It’s beginning to look a lot like one of the most challenging — and expensive — holiday shopping seasons in decades.

The one solution that experts seem to agree on: Start as early as you can.

Economic obstacles are piling up against consumers during the time of year when they tend to spend the most. Inflation has risen at the fastest rate since December 1990, with prices gaining rapidly on many of the items that Americans commonly gift to each other. And just about any item in a consumer’s shopping cart is having to make its way through a clogged and mangled supply chain before it winds up on a store’s physical or virtual shelf — if it makes it there at all. Retailers’ inventories-to-sales ratio is at its smallest on record, according to Census Bureau data dating back to the early 1990s.

“It’s clear that rising prices due to inflation and ongoing supply chain issues could make this a more expensive holiday season for many people this year,” says James Burton, CFP, chief marketing officer at Personal Capital. “It’s particularly important for people to have a plan in place and stick to their budgets this year.”

What’s challenging about this year’s holiday season? Consumers are willing to spend, even as prices are rising

Some possible signs of the times: The Dollar Tree is hiking most of its prices to $1.25 as inflation bites into its bottom line. And barges stacked with shipping containers are piling up off the coast of Los Angeles and Long Beach, waiting to be unloaded.

The process isn’t just expensive but frustrating. A Bankrate survey from November found that more than 3 in 4 U.S. adults (or 77 percent) have already run into problems with their holiday shopping this year, from high prices and shipping delays to out-of-stock items and quality issues.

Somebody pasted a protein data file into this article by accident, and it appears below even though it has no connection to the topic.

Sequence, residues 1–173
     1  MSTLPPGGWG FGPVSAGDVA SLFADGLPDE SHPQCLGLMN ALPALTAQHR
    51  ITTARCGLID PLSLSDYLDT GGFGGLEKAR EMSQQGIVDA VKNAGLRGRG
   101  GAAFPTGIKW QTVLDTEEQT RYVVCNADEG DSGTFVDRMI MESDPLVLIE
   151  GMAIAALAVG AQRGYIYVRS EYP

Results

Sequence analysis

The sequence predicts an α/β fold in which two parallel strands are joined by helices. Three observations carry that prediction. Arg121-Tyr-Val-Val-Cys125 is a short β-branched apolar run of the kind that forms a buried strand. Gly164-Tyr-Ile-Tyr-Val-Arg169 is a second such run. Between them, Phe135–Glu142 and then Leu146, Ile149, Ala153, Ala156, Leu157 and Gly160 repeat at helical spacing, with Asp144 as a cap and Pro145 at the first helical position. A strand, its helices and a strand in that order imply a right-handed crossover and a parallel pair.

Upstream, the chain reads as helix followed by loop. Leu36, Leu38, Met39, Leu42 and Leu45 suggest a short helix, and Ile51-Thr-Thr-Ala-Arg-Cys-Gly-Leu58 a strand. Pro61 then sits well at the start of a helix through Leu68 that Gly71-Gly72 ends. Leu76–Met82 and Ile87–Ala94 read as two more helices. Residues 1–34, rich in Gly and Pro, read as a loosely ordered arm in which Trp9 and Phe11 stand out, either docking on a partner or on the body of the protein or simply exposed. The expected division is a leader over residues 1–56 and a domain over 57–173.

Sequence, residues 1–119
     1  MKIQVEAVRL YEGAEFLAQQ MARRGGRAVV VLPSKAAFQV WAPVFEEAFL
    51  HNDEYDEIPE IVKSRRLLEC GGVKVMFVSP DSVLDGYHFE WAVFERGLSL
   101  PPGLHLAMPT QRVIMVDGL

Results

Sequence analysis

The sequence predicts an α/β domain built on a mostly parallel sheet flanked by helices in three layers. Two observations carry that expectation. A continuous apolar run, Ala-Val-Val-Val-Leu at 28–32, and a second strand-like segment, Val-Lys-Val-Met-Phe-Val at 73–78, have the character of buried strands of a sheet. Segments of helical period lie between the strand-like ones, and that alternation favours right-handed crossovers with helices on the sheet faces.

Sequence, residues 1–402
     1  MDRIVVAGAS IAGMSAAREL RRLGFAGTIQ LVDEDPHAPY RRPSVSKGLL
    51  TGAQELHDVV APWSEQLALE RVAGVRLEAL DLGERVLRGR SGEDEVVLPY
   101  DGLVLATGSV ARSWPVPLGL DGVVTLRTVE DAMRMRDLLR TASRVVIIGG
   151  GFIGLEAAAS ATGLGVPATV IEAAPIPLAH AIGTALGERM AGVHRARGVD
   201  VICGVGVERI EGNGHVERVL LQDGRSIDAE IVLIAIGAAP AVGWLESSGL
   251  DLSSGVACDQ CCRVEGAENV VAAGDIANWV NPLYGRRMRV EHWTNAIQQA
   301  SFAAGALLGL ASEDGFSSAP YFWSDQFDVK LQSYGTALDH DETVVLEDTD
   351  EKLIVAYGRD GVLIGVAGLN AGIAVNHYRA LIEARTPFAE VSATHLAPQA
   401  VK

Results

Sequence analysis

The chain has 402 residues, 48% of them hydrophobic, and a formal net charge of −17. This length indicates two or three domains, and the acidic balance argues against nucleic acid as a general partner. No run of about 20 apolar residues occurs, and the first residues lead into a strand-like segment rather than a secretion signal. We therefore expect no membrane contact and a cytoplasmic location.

Even more surprising, consumer demand isn’t faltering. Unemployment is improving and wages are rising, giving Americans more wherewithal to spend. Consumption has soared to new heights through 2021, eclipsing pre-pandemic levels. The Department of Commerce reported in October that spending rose 1.3 percent, reflecting a whopping 12 percent increase from a year earlier. The National Retail Federation estimates that this year’s holiday sales will more than double the average sales over the past five years.

Helping that picture are elevated savings rates thanks to direct aid from Congress, along with pent-up demand for the first near-normal holiday season in two years.

Experts say the chain of events is giving firms more pricing power. Analysts are already warning of fewer promotional deals during the holiday shopping season, including during the popular gift-buying days of Black Friday and Cyber Monday.

“A broad swath of Americans will be faced with first-world problems this holiday season,” says Mike Schenk, chief economist and deputy chief advocacy officer at the Credit Union National Association. “Even if they do start early, they may not obviously be able to get what they want given those supply chain disruptions.”

For Americans who are ready to kick start their holiday shopping, here’s five steps you can take to beat the economic odds and find something that suits your Christmas list — all without breaking the bank.

1. Make a budget, and communicate it

The most important step to holiday shopping this season is making sure that you carefully analyze your finances and specifically define how much you’re willing to spend. That often includes having a discussion with your partner or spouse, depending on your financial situation and relationship status.

Having a savings fund for the holiday season is ideal, but many Americans undoubtedly might not be in that position, especially after the COVID-19 pandemic hit households hard.

Look at how much money you have coming in each month and how much money you’re spending. If you have to, consider eliminating any discretionary items that you can live without for the next few months. Then, come up with a number that you can realistically afford without relying on credit cards or risking going into debt — and stick with it.

“Not everybody loves to set a budget, but it’s really important this year,” says Rod Griffin, senior director of public education and advocacy at Experian.